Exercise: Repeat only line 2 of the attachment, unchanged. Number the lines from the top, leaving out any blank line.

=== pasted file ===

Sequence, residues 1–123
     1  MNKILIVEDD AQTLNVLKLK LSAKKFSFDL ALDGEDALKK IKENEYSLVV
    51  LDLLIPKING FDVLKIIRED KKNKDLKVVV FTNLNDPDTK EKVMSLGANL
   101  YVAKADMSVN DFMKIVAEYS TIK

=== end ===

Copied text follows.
     1  MNKILIVEDD AQTLNVLKLK LSAKKFSFDL ALDGEDALKK IKENEYSLVV